Published November 17, 2022
One of the most dominant trends I hear right now is pastoral burnout. It’s one of the most common themes confronting current and prospective pastors. Between the roller-coaster of never-ceasing current events that shape the pastoral context and fatigue on dealing with repercussions from COVID, pastors are exiting vocational ministry at an alarming rate.
It may be hard to want to stay in a job that seems to bring so much stress (and sometimes little visible fruit), wondering whether the pastoral voice simply gets lost in the shuffle of so many other voices that are vying for their congregants’ attention.
A new report from an organization I respect, Neighborly Faith, has some encouraging news on this front that should provide pastors with reinvigorated clarity on just how significant their roles are: Pastors really do actually matter in shaping the worldview of their congregation, especially among young evangelicals. Where pastors may be tempted to wonder whether their messages are making measurable impact, the report argues that it is.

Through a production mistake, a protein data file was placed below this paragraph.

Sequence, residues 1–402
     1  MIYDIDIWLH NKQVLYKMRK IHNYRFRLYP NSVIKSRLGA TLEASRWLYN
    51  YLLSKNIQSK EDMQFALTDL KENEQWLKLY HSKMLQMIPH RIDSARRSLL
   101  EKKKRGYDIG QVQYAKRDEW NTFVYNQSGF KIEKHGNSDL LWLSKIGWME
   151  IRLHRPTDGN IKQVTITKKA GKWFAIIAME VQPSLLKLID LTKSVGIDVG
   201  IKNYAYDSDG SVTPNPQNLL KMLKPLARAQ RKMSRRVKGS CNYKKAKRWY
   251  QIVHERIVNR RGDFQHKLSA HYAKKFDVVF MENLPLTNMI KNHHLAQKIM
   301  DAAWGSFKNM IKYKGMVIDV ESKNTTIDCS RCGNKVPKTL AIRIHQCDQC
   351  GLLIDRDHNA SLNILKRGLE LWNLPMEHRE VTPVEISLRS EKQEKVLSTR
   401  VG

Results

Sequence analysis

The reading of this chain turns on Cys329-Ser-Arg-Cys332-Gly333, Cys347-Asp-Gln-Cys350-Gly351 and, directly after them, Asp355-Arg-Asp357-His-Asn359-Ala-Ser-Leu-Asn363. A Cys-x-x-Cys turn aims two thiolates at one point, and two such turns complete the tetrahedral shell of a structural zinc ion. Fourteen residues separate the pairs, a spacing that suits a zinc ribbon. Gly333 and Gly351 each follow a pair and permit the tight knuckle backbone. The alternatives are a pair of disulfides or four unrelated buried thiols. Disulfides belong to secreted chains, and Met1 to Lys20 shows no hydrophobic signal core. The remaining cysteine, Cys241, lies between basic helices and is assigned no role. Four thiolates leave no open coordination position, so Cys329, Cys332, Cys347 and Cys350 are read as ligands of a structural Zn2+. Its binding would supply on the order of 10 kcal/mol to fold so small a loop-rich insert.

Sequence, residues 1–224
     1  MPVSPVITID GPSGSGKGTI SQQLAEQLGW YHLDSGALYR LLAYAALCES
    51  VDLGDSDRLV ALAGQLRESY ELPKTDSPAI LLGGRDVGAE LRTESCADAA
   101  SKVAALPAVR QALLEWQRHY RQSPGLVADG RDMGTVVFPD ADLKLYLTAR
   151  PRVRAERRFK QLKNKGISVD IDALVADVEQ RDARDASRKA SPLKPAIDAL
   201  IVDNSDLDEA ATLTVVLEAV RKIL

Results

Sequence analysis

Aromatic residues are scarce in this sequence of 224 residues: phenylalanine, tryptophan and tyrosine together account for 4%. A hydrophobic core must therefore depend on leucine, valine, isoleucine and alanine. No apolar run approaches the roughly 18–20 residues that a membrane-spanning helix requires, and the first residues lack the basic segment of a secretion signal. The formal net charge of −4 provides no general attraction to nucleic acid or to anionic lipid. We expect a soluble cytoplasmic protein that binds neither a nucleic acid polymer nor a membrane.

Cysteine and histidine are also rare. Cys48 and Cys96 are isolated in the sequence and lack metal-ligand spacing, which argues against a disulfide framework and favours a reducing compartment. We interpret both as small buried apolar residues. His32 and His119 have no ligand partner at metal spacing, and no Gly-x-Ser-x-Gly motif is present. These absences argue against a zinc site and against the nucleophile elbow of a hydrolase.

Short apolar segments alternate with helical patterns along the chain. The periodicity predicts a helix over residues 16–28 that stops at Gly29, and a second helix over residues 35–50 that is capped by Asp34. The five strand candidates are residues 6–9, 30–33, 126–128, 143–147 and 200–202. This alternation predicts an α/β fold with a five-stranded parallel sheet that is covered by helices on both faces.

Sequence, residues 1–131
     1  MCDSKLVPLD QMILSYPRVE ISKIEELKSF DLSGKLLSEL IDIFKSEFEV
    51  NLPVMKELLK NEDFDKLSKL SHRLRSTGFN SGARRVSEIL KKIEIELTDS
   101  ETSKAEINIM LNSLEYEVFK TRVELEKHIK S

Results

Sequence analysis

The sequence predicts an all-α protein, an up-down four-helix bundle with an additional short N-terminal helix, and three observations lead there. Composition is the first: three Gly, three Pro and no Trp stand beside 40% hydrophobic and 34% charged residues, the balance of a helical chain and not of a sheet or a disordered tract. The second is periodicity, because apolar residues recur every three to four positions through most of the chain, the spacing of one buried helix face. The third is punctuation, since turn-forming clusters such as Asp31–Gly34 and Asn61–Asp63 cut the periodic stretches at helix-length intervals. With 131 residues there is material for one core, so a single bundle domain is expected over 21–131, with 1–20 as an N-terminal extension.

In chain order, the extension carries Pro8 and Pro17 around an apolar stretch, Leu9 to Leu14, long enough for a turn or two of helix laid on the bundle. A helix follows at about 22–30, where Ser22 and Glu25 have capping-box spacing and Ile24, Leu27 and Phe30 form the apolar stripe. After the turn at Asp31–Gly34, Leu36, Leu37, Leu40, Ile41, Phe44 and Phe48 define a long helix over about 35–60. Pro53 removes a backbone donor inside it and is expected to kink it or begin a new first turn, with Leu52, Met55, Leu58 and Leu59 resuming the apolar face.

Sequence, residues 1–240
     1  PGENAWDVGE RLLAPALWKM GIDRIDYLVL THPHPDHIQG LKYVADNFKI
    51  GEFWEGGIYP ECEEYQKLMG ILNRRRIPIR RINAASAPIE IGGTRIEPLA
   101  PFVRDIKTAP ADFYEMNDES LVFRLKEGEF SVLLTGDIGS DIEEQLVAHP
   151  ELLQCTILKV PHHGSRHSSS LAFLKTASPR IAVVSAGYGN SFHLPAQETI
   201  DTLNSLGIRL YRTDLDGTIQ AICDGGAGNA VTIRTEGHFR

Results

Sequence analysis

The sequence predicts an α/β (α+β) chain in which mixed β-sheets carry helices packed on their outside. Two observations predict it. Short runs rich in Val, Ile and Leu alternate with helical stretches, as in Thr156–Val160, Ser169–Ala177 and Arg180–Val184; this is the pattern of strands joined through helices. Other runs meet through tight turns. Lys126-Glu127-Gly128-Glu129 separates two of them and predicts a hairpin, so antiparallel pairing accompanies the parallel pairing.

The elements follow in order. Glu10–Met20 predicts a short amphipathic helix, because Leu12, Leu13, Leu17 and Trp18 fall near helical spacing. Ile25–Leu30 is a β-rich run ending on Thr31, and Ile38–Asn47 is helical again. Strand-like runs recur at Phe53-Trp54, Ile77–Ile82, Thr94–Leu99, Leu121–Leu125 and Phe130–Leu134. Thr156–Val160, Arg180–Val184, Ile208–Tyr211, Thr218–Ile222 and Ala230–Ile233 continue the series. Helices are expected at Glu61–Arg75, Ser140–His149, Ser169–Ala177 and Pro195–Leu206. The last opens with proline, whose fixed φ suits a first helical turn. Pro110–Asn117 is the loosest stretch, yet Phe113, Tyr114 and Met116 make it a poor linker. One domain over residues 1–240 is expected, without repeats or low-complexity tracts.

EPPC Fellow Andrew T. Walker, Ph.D., researches and writes about the intersection of Christian ethics, public theology, and the moral principles that support civil society and sound government. A sought-after speaker and cultural commentator, Dr. Walker’s academic research interests and areas of expertise include natural law, human dignity, family stability, social conservatism, and church-state studies. The author or editor of more than ten books, he is passionate about helping Christians understand the moral demands of the gospel and their contributions to human flourishing and the common good. His most recent book, out in May 2021 from Brazos Press, is titled Liberty for All: Defending Everyone’s Religious Freedom in a Secular Age.